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Even though the notion of playing with a "sense of swing" is associated with the 1930s-era style of jazz of the same name (the Swing, or big band era), jazz music from any era can be said to have a "sense of swing" or rhythmic "feel".

In jazz and related musical styles, the term swing is used to describe the sense of propulsive rhythmic "feel" or "groove" created by the musical interaction between the performers, especially when the music creates a "visceral response" such as feet-tapping or head-nodding. The term "swing" is also used to refer to several other related jazz concepts including the swung note (a "lilting" rhythm of unequal notes) and the genre of swing, a jazz style which originated in the 1930s. Even though there is overlap between these concepts, music from any era of jazz or even from non-jazz music can be said to have "swing" (in the sense of having a strong rhythmic groove or feel).

While some jazz musicians have called the concept of "swing" a subjective and elusive notion, they acknowledge that the concept is well-understood by experienced jazz musicians at a practical, intuitive level. Jazz players refer to "swing" as the sense that a jam session or live performance is really "cooking" or "in the pocket." If a jazz musician states that an ensemble performance is "really swinging", this suggests that the performers are playing with a special degree of rhythmic coherence and "feel". Although referring to a "sense of swing" is often done in the context of ensemble performances (e.g., a jazz combo or band), even an unaccompanied soloist can be said to be performing with "swing".

Contents

Description

Like the term "groove", which is used to describe a cohesive rhythmic "feel" in a funk or rock context, the concept of "swing" can be hard to define. Indeed, some dictionaries use the terms as synonyms: "Groovy...[d]enotes music that really swings."[1] The Jazz in America glossary defines it as "...when an individual player or ensemble performs in such a rhythmically coordinated way as to command a visceral response from the listener (to cause feet to tap and heads to nod); an irresistible gravitational buoyancy that defies mere verbal definition.[2]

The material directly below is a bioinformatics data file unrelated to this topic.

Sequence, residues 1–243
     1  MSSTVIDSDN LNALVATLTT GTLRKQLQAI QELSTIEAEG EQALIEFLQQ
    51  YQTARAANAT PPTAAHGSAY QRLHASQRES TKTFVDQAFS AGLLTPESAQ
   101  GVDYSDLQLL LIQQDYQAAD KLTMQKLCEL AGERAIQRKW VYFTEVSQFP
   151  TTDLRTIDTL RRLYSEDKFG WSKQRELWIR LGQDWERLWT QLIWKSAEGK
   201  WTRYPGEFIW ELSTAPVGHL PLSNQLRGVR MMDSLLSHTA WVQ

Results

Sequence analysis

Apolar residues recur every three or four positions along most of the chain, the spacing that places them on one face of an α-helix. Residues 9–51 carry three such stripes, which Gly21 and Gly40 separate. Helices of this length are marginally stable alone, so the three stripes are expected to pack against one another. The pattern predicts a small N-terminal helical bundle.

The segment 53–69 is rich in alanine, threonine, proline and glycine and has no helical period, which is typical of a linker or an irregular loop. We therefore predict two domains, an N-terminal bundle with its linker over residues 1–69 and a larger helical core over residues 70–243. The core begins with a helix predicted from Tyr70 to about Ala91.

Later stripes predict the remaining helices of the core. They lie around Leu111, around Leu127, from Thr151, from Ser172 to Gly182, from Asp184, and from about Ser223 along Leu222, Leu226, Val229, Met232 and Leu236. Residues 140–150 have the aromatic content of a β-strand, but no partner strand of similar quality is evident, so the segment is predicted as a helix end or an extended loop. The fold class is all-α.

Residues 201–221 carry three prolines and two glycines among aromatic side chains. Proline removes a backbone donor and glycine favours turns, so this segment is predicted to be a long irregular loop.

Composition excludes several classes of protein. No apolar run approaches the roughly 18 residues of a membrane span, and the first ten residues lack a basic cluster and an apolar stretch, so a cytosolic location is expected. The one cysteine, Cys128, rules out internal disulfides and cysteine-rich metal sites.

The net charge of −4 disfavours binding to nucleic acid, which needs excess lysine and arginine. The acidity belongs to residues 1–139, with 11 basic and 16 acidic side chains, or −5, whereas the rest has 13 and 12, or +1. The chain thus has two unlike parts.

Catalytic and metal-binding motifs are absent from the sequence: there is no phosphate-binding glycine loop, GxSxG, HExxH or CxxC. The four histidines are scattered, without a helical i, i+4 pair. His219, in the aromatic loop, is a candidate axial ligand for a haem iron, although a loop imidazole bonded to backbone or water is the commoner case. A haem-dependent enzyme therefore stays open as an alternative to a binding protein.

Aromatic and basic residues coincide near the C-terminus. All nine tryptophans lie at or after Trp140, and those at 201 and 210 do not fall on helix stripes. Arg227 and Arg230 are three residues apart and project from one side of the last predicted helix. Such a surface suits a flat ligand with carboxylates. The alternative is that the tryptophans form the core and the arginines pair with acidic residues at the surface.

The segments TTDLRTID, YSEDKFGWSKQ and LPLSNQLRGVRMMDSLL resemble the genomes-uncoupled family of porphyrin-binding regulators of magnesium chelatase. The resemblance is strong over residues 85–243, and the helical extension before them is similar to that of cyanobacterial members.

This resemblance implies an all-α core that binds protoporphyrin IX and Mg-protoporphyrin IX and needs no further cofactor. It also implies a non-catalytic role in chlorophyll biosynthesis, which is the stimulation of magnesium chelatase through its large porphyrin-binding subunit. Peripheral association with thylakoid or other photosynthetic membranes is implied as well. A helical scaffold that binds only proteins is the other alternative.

As a performance technique, swing has been called "the most debated word in jazz". When jazz performer Cootie Williams was asked to define it, he joked that "Define it? I'd rather tackle Einstein's theory!"[3] Benny Goodman, the 1930s-era bandleader nicknamed the "King of Swing" called "swing" "free speech in music", whose most important element is "...the liberty a soloist has to stand and play a chorus in the way he feels it..." His contemporary Tommy Dorsey gave a more ambiguous definition when he proposed that "Swing is sweet and hot at the same time and broad enough in its creative conception to meet, every challenge tomorrow may present."[4] Boogie-woogie pianist Maurice Rocco argues that the definition of swing "...is just a matter of personal opinion."[5]

Jeff Pressing's 2002 article claims that a "feel" is "a cognitive temporal phenomen emerging from one or more carefully aligned concurrent rhythmic patterns, characterized by...perception of recurring pulses, and subdivision of structure in such pulses,...perception of a cycle of time, of length 2 or more pulses, enabling identification of cycle locations, and...effectiveness of engaging synchronizing body responses (e.g. dance, foot-tapping)".[6]

A sense of "swing" for jazz artists has analogies in the similarly idealised but indefinable notions of "funk" in funk music, or "flow" in the hip hop scene. The notion of a special 'feel' (rather than a set of rules) that defines the musical style is common in non-Western music, especially the African tradition. "Flow is as elemental to hip hop as the concept of swing is to jazz". Just as the jazz concept of "swing" involves performers deliberately playing behind or ahead of the beat, the hip-hop concept of flow is about "funking with one's expectations of time"-that is, the rhythm and pulse of the music.[7] "Flow is not about what is being said so much as how one is saying it".[8]

See also

References

  1. ^ Slang Expressions in Popular Music
  2. ^ Jazz Resource Library - Glossary
  3. ^ What Is Swing?
  4. ^ What Is Swing?
  5. ^ What Is Swing?
  6. ^ WHAT IS SWING? From Bill Treadwell's "Big Book of Swing" published in 1946. http://72.14.205.104/search?q=cache:tmrZVsOeXnMJ:www.uni-hamburg.de/Wiss/FB/09/Musik/Dozenten/Pfleiderer/Escom5.pdf+groove+music+definition&hl=en&ct=clnk&cd=264&gl=ca&lr=lang_en|lang_fr
  7. ^ William Jelani Cobb. To the break of dawn: a freestyle on the hip hop aesthetic . 2007. Page 87-88
  8. ^ Ibid. Page 90

Further reading

  • Clark, Mike and Paul Jackson. Rhythm Combination (1992).
  • Middleton, Richard (1999). "Form." Key Terms in Popular Music and Culture. Malden, Massachusetts. ISBN 0-631-21263-9.
  • Pressing, Jeff (2002): "Black Atlantic Rhythm. Its Computational and Transcultural Foundations." Music Perception, 19, 285-310.
  • Prögler, J.A. (1995): "Searching for Swing. Participatory Discrepancies in the Jazz Rhythm Section." Ethnomusicology 39, 21- 54.
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